"You are not my father!"
In fact the whole thing left me so scarred that I was never going to have children of my own, ever! Why put a child through what I had been through. Not having a sibling I had no one to share the blows with either. Well I have a half brother somewhere, but as I have not seen my birth mother since my dad divorced her when I was three, that doesn't really count. My only memories of him are of a red haired toddler, who peed in my bed, broke my toys and who my mother favoured over me. To this day I do not like red haired men. It's funny really how deeply childhood traumas affect you, even when you cannot remember them fully.
I also had a deep distrust of men in general, not helped by an ex-boyfriend in Germany, who had been three years older than my own father.... Yeah I know, a psychologist would have had a field day with little old me I am sure.
However all that changed when I met Tony. Marrying him was one of the best decisions I ever made and twenty three years and almost nine children later our relationship is stronger than ever.
It has been a privilege seeing him grow as a father, especially as his childhood was even worse than mine. Whilst I can make excuses for my own father due to his illness, Tony's has no such excuse. What's more the man is still living and Father's day is an emotional time for my lovely husband, never more so than this year.
He has wreaked havoc on Tony's and subsequently our lives from the minute Tony was born several weeks premature. He grew up with the constant taunts of "I should have switched off your incubator," and "I never wanted you," not to mention the physical and verbal abuse and a mentally ill mother, which meant that Tony was basically brought up by his older sister and brother. Complicated relation ships all round, even to this day. I always say his family can't even be described as dysfunctional! At least I had the loving presence of my gran to keep me sane through my child hood years. Tony had no one but himself.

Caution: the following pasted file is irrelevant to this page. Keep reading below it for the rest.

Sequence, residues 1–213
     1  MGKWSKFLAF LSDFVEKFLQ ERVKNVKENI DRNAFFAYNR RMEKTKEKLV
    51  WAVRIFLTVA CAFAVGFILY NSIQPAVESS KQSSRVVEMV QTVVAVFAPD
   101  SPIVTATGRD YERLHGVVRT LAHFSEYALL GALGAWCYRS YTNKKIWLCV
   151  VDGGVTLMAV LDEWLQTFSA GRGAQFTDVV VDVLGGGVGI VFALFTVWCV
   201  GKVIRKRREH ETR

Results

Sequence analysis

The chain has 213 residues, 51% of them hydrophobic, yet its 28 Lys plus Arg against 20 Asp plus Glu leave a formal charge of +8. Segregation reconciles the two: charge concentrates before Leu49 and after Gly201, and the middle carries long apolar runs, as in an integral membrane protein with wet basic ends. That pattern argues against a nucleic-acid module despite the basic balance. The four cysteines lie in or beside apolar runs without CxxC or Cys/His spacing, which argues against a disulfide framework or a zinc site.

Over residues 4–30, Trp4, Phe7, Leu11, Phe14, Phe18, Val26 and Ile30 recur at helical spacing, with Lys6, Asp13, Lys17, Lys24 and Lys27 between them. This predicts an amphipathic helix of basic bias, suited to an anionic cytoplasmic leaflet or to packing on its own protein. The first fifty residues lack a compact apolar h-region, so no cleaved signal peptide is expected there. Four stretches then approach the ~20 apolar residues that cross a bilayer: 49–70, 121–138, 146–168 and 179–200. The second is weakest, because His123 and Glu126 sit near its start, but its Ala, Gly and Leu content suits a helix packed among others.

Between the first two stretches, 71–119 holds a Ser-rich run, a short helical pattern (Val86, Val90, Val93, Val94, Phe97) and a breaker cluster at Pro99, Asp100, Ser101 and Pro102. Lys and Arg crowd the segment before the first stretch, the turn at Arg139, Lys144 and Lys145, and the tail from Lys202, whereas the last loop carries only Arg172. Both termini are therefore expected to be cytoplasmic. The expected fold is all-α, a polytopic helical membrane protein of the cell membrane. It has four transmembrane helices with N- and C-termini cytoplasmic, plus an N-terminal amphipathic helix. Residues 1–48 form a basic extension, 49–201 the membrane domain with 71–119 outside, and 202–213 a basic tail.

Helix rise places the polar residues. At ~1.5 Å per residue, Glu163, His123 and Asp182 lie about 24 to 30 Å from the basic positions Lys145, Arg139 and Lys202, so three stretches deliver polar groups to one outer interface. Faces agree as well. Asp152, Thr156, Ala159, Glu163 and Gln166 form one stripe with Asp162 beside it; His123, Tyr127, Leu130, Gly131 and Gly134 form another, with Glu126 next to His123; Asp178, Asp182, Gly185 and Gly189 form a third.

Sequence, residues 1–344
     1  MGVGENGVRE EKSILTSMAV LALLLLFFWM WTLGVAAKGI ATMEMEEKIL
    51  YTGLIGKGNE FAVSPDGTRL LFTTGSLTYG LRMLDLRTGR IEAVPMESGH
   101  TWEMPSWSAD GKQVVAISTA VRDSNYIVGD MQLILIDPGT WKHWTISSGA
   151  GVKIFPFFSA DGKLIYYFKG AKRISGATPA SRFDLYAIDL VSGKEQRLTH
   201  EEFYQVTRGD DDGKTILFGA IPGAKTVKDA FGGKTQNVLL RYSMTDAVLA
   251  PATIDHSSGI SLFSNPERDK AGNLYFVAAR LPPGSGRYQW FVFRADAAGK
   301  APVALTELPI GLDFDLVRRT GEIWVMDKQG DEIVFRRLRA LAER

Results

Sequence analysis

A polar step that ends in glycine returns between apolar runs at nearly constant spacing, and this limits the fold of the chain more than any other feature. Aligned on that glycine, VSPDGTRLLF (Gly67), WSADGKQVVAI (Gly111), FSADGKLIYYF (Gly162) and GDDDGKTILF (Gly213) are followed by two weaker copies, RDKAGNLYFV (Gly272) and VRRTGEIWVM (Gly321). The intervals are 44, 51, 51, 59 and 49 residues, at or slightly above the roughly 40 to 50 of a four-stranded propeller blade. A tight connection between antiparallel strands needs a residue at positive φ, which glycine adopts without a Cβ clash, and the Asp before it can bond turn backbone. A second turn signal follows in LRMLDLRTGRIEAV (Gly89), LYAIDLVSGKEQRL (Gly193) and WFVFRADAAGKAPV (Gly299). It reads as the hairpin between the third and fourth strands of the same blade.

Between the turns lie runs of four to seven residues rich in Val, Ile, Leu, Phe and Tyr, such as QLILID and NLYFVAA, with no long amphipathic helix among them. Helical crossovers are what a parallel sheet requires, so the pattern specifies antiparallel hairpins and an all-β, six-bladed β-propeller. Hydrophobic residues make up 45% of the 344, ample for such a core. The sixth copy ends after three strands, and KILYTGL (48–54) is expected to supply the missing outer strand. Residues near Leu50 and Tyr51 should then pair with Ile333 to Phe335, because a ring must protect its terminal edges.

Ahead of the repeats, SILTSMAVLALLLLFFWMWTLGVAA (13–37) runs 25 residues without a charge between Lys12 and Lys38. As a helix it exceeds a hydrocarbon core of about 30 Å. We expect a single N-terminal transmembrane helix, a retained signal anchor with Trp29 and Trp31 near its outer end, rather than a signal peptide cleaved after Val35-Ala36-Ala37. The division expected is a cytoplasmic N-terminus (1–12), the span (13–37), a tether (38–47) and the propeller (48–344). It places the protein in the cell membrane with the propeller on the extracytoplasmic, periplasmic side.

Yet still, he honoured his father, until that man did the unforgivable and we broke all contact 15 years ago. To protect the innocent I cannot say what prompted this, but it was a dark time in our family life and the repercussions can be felt even now.
So Father's Day is difficult for Tony at the best of times, but this year has hit him harder than ever. He attended a child protection day at our church yesterday, part of his ongoing training as a Sunday school teacher. Now these days are never easy. I attended a few myself when I was a childminder and your heart grieves what some people will do to innocent children.
But for my husband it brought back the demons snapping at his heels louder than ever, especially with today being Father's Day and it breaks my heart that I cannot help him more.
So this post is for my husband and all the other people out there, for whom Father's day is painful, for whatever reason. It is a day of celebration of Fatherhood and for honouring all those great dads out there, but it is also a day for reflection and grief.
A good father is a joy to behold, a bad one leaves scars that run deep indeed....